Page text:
PR: ARE 220 or consent. Principles of economic analysis as applied to recreation and tourism resources, including economic impact and cost-benefit analyses.

ARE 382. Agricultural and Natural Resources Law. 3 Hours.

Introduction to legal concepts, principles and practices related to environmental, natural resource, and agricultural issues; in the context of the legal system within which statues are enacted, administered and enforced.

ARE 393. Special Topics. 1-6 Hours.

PR: Consent. Investigation of topics not covered in regularly scheduled courses.

ARE 401. Applied Demand Analysis. 3 Hours.

Consumer demand economics applied to environmental, natural resource, and agricultural issues; analysis of factors that influence demand and determine prices; special applications to non-market, environmental, and natural resource amenities.

ARE 406. Applied Quantitative Methods. 3 Hours.

PR: ARE 150. Application of basic quantitative concepts and methods applied to agribusiness and natural resources. Topics include applied economics, statistics, mathematics, and financial concepts and decision-making tools for determining optimum allocation of resources for production processes.

ARE 410. Environmental and Resource Economics. 3 Hours.

PR: (ARE 401 and ARE 402) or ECON 301 or consent. Economic analysis of natural resource and environmental problems; management of renewable and non-renewable resources and environmental amenities; market failure, externalities, benefit-cost and risk analysis; property rights and the taking issue.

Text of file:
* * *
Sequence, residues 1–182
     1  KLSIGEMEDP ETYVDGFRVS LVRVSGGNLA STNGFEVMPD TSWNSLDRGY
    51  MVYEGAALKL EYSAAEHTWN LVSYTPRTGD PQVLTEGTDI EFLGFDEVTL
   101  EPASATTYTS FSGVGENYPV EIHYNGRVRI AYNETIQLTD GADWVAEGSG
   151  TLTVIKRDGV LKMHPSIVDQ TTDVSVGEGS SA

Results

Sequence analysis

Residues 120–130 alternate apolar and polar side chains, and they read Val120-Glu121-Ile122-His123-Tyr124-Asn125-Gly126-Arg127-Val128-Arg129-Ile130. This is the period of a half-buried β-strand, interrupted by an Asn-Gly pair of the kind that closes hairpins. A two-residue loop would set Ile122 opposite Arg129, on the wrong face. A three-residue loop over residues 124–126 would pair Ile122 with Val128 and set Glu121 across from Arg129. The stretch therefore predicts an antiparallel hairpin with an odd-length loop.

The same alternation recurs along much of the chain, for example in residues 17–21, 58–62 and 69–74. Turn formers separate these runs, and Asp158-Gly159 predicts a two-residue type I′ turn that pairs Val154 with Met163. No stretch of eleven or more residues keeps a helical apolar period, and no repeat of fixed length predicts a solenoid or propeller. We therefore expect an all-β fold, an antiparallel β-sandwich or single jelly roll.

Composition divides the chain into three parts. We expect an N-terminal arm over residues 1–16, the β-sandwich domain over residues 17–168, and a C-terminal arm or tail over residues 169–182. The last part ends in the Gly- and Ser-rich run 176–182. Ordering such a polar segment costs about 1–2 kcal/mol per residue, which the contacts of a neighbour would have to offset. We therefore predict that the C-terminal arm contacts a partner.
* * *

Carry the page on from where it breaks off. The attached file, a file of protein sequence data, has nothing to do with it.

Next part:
ARE 411. Rural Economic Development. 3 Hours.

Economic trends, development policies, and analysis of rural economies in the United States. Rural diversity, development concepts, rural planning, public programs and policies, and community analysis methods.

ARE 421. Rural Enterprise Development. 4 Hours.

PR: ARE 110 and ARE 204 or consent. Introduction to concepts, methods and strategies involved in starting a successful small private enterprise in a rural area: assessing a community for enterprise opportunities, identifying and developing an enterprise idea, and preparing an enterprise plan.

ARE 431. Marketing Agricultural Products. 3 Hours.

Organization, functions, and analysis of the agricultural marketing system. Food consumption, exports, price analysis, marketing costs, market power, commodities futures market, food safety, and government regulations.

ARE 435. Marketing Livestock Products. 3 Hours.

Livestock marketing practices and policies. Supply and demand, livestock price cycles, grading, marketing alternatives, processing and retailing. Economic analysis of alternatives, current issues, and trends.